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Where could new housing be built in SLO County? 8 spots make the cut

Eight red stars mark areas that San Luis Obispo County staff found to have greater opportunities for future homes. Green areas are the least constrained for potential residential development. Orange areas are the most constrained.
Eight red stars mark areas that San Luis Obispo County staff found to have greater opportunities for future homes. Green areas are the least constrained for potential residential development. Orange areas are the most constrained. San Luis Obispo County Planning and Building Department

Eight large tracts of land in San Luis Obispo County have been identified as possible locations to be rezoned for new housing.

The list was published in a draft report by the county Planning and Building Department about limitations and opportunities for potential residential development. It was created at the request of the Board of Supervisors.

The areas are spread throughout all areas of the county, from Paso Robles to Nipomo.

Supervisors plan to discuss the findings on Tuesday during the most comprehensive talk about housing policy in years.

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To create the list, county staff looked for places close to job centers and services, with availability of infrastructure — like water, wastewater and roads and police and fire service — as well as the availability of resources like water and consumer preference.

It’s intended to be a first step in identifying areas the county may consider in the future for potential housing projects, according to Robert Fitzroy, deputy director of the Planning Department. That doesn’t mean any development is planned there now, or that proposed housing could easily be built there.

“Though there are areas that are less constrained, that doesn’t necessarily mean people can go in tomorrow and start building. There are still many, many constraints,” Fitzroy said.

Most areas lack critical infrastructure and would need to be rezoned.

Some in close proximity to cities have been considered for housing in the past.

For example, in Atascadero the owners of the once-proposed Eagle Ranch housing development dropped the decades-long plan due to public objections and financial concerns. The project would have involved annexing the property into Atascadero.

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Many of the other areas that made the county’s list could also face annexation questions.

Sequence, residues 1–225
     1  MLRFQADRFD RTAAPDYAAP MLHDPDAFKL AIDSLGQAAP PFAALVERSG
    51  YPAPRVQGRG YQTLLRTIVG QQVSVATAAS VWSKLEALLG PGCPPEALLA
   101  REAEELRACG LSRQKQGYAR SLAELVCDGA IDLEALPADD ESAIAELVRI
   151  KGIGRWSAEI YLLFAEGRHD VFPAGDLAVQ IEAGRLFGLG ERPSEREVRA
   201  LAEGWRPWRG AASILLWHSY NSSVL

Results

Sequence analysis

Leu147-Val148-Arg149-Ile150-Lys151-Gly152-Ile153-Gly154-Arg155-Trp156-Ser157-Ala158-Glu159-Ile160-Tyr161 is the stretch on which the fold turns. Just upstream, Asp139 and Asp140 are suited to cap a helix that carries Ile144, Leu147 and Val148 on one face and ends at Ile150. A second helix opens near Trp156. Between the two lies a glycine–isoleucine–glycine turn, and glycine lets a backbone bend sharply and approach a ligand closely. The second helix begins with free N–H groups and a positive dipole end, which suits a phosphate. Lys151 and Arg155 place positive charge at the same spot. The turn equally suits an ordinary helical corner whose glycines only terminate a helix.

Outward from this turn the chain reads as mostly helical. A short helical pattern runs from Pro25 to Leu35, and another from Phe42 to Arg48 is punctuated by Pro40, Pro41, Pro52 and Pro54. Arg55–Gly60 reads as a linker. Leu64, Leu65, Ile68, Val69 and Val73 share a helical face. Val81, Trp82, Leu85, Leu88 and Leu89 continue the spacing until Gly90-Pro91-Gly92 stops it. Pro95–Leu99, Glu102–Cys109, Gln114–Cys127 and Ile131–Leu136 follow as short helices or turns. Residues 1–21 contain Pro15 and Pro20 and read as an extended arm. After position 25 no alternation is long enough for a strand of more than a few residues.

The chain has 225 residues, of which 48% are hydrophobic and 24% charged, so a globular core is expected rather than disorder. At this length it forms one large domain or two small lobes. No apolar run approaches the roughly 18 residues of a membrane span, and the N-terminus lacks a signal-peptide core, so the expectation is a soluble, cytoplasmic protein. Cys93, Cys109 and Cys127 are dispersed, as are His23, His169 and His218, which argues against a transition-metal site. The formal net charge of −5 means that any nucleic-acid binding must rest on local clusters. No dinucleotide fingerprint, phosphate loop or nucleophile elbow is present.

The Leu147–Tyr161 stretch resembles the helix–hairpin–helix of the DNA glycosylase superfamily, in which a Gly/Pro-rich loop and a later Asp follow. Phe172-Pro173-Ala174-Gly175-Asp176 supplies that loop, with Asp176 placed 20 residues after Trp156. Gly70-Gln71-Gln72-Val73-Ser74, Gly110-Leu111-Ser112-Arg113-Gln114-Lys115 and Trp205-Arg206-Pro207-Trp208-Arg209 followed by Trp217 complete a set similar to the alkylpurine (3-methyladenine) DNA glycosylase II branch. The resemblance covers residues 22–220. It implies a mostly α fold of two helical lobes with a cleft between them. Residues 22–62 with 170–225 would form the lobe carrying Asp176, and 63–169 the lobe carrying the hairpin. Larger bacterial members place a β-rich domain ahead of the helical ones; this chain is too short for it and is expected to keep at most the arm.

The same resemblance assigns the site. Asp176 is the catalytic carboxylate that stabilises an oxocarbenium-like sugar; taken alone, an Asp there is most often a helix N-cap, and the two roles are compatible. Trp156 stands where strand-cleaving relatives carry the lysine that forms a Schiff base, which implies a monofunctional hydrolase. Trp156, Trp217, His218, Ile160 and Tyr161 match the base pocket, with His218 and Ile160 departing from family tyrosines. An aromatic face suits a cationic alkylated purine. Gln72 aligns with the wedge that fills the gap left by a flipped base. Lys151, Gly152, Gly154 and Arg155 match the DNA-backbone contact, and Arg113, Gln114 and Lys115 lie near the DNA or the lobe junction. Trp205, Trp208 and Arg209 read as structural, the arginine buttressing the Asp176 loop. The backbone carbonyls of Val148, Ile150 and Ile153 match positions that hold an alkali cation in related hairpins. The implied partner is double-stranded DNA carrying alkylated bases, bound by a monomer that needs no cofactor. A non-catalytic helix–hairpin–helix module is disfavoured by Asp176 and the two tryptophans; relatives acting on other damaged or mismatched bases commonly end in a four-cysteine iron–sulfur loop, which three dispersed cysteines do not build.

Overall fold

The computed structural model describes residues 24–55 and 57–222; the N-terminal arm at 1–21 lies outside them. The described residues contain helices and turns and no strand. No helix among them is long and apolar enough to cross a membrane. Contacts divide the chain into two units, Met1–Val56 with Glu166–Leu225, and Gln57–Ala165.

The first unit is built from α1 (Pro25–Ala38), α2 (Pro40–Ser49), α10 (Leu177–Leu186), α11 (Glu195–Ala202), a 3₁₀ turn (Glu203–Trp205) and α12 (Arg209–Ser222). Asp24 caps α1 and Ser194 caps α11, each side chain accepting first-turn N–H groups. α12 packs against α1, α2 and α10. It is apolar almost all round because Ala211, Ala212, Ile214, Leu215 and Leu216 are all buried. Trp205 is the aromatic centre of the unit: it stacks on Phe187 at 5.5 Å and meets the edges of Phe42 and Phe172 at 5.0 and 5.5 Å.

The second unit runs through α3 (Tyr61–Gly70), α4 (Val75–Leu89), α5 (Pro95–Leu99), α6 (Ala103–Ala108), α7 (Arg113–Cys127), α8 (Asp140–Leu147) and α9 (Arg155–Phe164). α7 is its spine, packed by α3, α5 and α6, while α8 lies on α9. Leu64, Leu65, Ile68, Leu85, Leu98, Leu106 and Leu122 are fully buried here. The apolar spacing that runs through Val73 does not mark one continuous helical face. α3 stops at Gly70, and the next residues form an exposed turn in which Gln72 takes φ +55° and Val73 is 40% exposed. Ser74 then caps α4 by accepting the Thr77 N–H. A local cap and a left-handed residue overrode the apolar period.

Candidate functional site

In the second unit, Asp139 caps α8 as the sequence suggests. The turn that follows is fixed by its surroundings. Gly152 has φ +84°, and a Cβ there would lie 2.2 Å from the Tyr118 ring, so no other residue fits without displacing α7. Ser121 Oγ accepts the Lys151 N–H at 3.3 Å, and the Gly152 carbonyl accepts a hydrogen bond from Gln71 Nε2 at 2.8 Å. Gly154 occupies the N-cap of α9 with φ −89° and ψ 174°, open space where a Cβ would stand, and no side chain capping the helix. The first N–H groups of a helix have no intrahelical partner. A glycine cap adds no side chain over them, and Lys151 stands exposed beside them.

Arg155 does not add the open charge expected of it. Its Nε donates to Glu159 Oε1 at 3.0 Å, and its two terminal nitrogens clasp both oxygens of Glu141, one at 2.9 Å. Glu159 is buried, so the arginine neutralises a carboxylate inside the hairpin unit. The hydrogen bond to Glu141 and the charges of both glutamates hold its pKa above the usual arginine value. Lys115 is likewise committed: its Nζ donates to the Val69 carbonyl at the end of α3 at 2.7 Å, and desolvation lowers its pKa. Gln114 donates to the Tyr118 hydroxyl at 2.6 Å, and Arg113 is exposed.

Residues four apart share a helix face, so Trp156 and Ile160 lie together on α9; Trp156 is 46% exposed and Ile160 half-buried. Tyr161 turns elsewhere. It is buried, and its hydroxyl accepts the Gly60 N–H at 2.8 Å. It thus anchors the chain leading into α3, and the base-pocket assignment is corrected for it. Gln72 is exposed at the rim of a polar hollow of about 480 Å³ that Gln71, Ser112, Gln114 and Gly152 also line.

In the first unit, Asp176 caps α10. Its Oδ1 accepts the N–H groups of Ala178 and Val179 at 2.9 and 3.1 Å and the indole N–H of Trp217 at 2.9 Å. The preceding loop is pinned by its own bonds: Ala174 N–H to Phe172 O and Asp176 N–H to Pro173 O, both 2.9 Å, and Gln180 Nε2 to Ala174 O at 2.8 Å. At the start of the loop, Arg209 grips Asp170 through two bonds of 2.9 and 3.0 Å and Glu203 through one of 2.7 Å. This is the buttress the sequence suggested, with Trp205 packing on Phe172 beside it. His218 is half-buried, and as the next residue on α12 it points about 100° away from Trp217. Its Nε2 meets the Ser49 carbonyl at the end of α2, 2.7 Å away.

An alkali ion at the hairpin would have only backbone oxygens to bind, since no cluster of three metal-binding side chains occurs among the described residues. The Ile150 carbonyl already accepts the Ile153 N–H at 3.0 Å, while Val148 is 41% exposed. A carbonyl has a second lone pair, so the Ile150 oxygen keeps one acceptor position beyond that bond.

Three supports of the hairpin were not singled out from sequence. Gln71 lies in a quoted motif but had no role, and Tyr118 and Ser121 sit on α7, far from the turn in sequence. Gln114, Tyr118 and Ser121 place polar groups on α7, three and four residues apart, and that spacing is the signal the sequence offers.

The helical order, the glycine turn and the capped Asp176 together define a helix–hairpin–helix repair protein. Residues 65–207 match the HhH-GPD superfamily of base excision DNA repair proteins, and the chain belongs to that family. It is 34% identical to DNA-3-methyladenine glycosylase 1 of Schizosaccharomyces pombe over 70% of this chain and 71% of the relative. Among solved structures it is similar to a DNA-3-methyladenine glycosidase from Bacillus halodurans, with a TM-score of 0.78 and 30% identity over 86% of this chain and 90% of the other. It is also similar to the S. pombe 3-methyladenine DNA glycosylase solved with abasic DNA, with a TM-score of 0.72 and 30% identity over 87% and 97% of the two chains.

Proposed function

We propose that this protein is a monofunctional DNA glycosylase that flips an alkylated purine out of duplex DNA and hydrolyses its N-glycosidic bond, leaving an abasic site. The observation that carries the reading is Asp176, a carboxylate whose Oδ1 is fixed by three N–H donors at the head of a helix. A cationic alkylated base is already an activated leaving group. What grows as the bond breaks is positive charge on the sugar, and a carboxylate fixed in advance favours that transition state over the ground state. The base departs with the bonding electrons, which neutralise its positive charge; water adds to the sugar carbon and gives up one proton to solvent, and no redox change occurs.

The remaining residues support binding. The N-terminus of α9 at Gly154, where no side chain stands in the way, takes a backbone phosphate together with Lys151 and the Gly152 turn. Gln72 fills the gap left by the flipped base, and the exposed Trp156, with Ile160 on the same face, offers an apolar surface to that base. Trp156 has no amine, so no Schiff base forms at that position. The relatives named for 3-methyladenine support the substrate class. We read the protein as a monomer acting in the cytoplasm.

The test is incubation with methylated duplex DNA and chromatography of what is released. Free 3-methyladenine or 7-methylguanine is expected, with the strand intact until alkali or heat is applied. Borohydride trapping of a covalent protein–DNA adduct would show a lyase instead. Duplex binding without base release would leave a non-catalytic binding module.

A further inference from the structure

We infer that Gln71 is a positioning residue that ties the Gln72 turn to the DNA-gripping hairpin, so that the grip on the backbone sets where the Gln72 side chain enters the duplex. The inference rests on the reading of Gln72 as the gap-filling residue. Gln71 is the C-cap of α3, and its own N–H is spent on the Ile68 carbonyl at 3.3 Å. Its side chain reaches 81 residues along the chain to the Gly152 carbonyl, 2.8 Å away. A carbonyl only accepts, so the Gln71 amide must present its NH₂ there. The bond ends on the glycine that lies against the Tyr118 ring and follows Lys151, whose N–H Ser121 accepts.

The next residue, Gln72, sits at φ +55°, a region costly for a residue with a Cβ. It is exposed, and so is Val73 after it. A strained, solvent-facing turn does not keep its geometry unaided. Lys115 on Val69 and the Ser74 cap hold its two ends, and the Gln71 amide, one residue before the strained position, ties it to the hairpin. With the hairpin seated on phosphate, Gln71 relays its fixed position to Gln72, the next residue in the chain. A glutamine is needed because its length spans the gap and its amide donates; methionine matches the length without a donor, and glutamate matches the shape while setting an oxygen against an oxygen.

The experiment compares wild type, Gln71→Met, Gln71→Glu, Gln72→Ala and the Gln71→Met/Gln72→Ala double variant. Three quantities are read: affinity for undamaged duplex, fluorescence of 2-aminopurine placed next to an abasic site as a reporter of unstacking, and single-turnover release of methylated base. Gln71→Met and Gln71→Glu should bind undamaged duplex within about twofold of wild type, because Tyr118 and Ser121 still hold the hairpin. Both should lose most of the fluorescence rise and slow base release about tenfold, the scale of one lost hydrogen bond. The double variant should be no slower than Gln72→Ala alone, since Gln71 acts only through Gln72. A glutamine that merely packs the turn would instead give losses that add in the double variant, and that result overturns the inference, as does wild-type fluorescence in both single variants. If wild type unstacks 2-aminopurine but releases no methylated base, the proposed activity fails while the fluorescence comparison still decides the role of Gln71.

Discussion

Planning staff arrived at the eight areas by winnowing down a much larger list.

Using a GIS model, planning staff first identified 48 areas that were least constrained for development, but many were too remote or the landscape was inappropriate for major development, the report says. The list was narrowed with input from the San Luis Obispo Council of Governments and further analysis.

The list could change as more data becomes available, including from a hyrdrogeologist studying groundwater supplies.

“Water is still the number one constraint in the county,” Fitzroy said, noting, for example, that the Paso Robles groundwater basin is critically overdrafted.

The constraints map that’s part of the analysis will help the county achieve the estimated Regional Housing Needs Allocation for the 2020-2028 Housing Element cycle when the state hands down a number of housing units that the county is required to plan to accommodate.

Here are the eight areas with greater opportunities for future residential development, according to the county report.

1. West Paso Robles

Key limiting factors: Water, terrain, agricultural zoning, intensified agriculture, oak woodland and endangered San Joaquin kit fox habitat.

Proximity to job centers and services: Three miles to downtown Paso Robles, 16 miles to Atascadero, 31 miles to downtown San Luis Obispo.

Infrastructure: Area lacks community water and wastewater systems. The nearest hospital and sheriff substation are in Templeton. The nearest fire station is 6.5 miles away. The nearest schools, library and parks are in Paso Robles.

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2. West Templeton

Key limiting factors: Water, terrain, agricultural zoning, intensified agriculture and agricultural preserves.

Proximity to job centers and services: 13 miles to Paso Robles, nine miles to Atascadero, 24.5 miles to downtown San Luis Obispo.